As the legend goes, after playing golf one day during the summer of 1965, a congressman from Washington, Joel Pritchard, and his friends Barney McCallum and Bill Bell returned home to find their families sitting around listlessly yearning for something to do.
On the property was an old badminton court, so Pritchard and Bell set about finding the equipment to play. Unable to locate the proper equipment, they improvised. They created four wooden paddles and found a perforated plastic ball. The three innovators created rules, based steeply in badminton, but also kept in mind they wanted a game that would be fun for the whole family. While playing their new game the family dog, a cocker spaniel named Pickles, also became enamored with the sport and would snatch the ball and run away with it at every opportunity. After all, it was Pickle’s ball. And thus, pickleball was born.
Now, 47 years later, pickleball has garnered a large following in Nevada County with the Lake Wildwood Pickleball Club and the Grass Valley Pickleball Club combining to have nearly 200 registered members and many more that play without an affiliation.
“It’s a lot easier to learn then tennis,” said Judie Tartaglia, president of the Grass Valley Pickleball Club. “You could show up today and we could give you an introductory lesson for 15 minutes, then you start playing the game. It’s very addictive … There is a lot less running and a lot more strategy and its easy for beginners.”
The Grass Valley Pickleball Club boasts about 40 paid members and sees several drop-ins on its usual play days (Monday, Wednesday and Saturday), Tartaglia said.
Founder and former president of the Lake Wildwood Pickleball Club, Gerry Cosby, said the Lake Wildwood Chapter is 159 members strong and has grown steadily over the past three years.
“One of the reasons pickleball is so popular is the baby boomer thing,” Cosby said. “There are so many aging baby boomers and so many adult communities and for those of us that are older yet active, we can’t play tennis anymore because of joints, and shoulders and knees or what have you, and pickleball is played on a quarter of the size of a tennis court. It’s the same game actively but with less impact on your joints.”
The hybrid sport, which combines elements of tennis and badminton played with wood paddles and a wiffle ball, wasn’t well received by parks and recreation locations at first.
The Grass Valley club was denied in 2011, when it applied to have pickleball stripes added to the courts at DeVere Mautino Community Park in Grass Valley. The Grass Valley Parks and Recreation committee has since changed its decision and pickleball is now played regularly at Devere Mautino Park.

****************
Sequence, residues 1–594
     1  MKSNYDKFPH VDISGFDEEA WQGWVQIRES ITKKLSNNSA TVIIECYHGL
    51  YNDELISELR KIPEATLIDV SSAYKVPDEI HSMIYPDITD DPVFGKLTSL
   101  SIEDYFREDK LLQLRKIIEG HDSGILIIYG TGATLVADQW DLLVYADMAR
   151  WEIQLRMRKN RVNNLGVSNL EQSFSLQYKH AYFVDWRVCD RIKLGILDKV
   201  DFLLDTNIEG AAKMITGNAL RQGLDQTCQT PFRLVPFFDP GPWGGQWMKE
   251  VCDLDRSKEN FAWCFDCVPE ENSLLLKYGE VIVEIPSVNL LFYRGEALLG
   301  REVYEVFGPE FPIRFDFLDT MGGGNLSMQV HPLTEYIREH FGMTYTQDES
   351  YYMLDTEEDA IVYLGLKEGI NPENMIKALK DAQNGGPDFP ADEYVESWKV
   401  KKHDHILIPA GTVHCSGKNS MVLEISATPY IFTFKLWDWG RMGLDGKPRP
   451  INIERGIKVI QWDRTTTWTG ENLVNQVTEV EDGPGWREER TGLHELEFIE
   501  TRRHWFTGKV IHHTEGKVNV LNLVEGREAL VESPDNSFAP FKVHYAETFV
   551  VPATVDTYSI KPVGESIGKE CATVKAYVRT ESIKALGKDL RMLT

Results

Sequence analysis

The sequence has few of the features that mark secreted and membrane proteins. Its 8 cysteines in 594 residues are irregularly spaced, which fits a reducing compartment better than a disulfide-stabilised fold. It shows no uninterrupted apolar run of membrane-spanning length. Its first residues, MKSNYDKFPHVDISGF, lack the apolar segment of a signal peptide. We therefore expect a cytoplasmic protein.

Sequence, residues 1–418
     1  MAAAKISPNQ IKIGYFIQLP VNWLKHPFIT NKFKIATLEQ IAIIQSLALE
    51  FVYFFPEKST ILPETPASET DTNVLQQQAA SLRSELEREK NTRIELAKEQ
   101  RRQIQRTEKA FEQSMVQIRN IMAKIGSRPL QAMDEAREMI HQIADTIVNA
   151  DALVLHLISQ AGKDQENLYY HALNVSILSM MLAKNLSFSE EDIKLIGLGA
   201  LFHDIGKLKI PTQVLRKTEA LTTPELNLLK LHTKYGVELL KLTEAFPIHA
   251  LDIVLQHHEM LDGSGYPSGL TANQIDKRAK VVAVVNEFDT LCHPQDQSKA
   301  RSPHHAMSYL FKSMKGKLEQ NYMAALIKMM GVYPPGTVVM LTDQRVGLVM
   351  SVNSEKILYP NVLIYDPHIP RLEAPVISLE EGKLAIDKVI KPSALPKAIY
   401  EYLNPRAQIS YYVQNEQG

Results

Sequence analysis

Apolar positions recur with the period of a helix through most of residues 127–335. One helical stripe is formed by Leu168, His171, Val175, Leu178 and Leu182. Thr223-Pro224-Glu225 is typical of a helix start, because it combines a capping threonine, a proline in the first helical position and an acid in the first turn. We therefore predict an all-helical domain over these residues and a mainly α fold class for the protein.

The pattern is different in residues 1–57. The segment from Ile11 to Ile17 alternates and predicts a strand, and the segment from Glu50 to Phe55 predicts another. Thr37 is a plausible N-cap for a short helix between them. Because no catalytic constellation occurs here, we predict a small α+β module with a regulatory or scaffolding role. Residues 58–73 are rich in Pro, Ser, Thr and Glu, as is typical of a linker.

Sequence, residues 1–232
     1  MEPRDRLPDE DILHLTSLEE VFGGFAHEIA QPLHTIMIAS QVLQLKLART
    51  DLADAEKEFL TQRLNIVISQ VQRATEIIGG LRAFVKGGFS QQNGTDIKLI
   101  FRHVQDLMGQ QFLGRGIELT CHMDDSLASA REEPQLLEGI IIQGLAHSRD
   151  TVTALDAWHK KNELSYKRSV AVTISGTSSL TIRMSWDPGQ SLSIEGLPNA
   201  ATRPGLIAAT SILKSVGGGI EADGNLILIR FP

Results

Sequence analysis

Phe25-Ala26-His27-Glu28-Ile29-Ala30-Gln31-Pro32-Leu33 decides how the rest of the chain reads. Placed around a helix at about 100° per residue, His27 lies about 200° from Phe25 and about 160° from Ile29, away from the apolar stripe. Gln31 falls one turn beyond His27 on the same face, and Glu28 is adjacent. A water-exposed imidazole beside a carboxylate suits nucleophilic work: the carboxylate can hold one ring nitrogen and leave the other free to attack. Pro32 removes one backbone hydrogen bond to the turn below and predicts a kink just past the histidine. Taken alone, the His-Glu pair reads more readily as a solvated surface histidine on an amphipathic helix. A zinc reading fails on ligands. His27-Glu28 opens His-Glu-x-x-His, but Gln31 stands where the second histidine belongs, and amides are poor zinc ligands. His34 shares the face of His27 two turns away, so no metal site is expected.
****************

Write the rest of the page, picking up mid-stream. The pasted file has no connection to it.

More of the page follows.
Despite 159 pickleball members in Lake Wildwood, Cosby said she has been at odds with the Lake Wildwood board in her attempts to convert one of the six tennis courts inside the gated community’s gates.
“We feel we should be able to take over one (tennis) court and it’s been a real controversy,” she said. “They have six total courts and we have more members than they do. It’s a political battle and we’re not winning it.
“I’ve been through four board presidents and four budget cycles and nothing. It’s a matter of people being stuck in their ways, it’s a matter of it having a funny name, we keep saying ‘we need to change the name to extreme pickle ball or something.’ But, it is a sanctioned sport, and I believe it will be an Olympic sport in four to eight years.”
Despite the struggles to find locations where club members can regularly play, the game has thrived in Nevada County and has even spawned a pair of medal-winning pickleballers.
Doug Koch, 51, took up the game in June of 2011, when his brother brought some pickleball paddles and balls to a family gathering. Since then, Koch has won a gold medal and two silver medals at the World Senior Games in St. George, Utah. Koch also won a silver medal at the USA Pickleball Association Nationals in Phoenix in November. Koch, teamed up with another local player Matthew Blom, 34, in the Men’s 19+ doubles competition. The two talented pickleballers took down last year’s national champs, but fell in the final.
Blom also won a silver medal in the mixed doubles competition with partner Adina Jones.
Pickleball is on the rise in Nevada County and several places are now available to play. There are a pair of courts at Meadow Park in Lake Wildwood; there are four public courts at DeVere Mautino Community Park in Grass Valley; Gateway Park in Penn Valley has three courts striped for pickleball; Meadow Vista Park in Auburn has four courts and Auburn Recreation Gym has three indoor courts.
The cost is relatively inexpensive with pickleball paddles costing anywhere from $20-$90 and balls are $12 for a dozen.
While the sport may sound silly or even made up, it’s following is not. The sport is played in more than 4,000 middle schools and high schools across the country and is growing at a 30 percent per year clip.
“Tennis is on the wain all over the U.S.,” said Cosby. “Pickleball is on the rise.”
To contact Sports Writer Walter Ford, call (530) 477-4232 or email him at firstname.lastname@example.org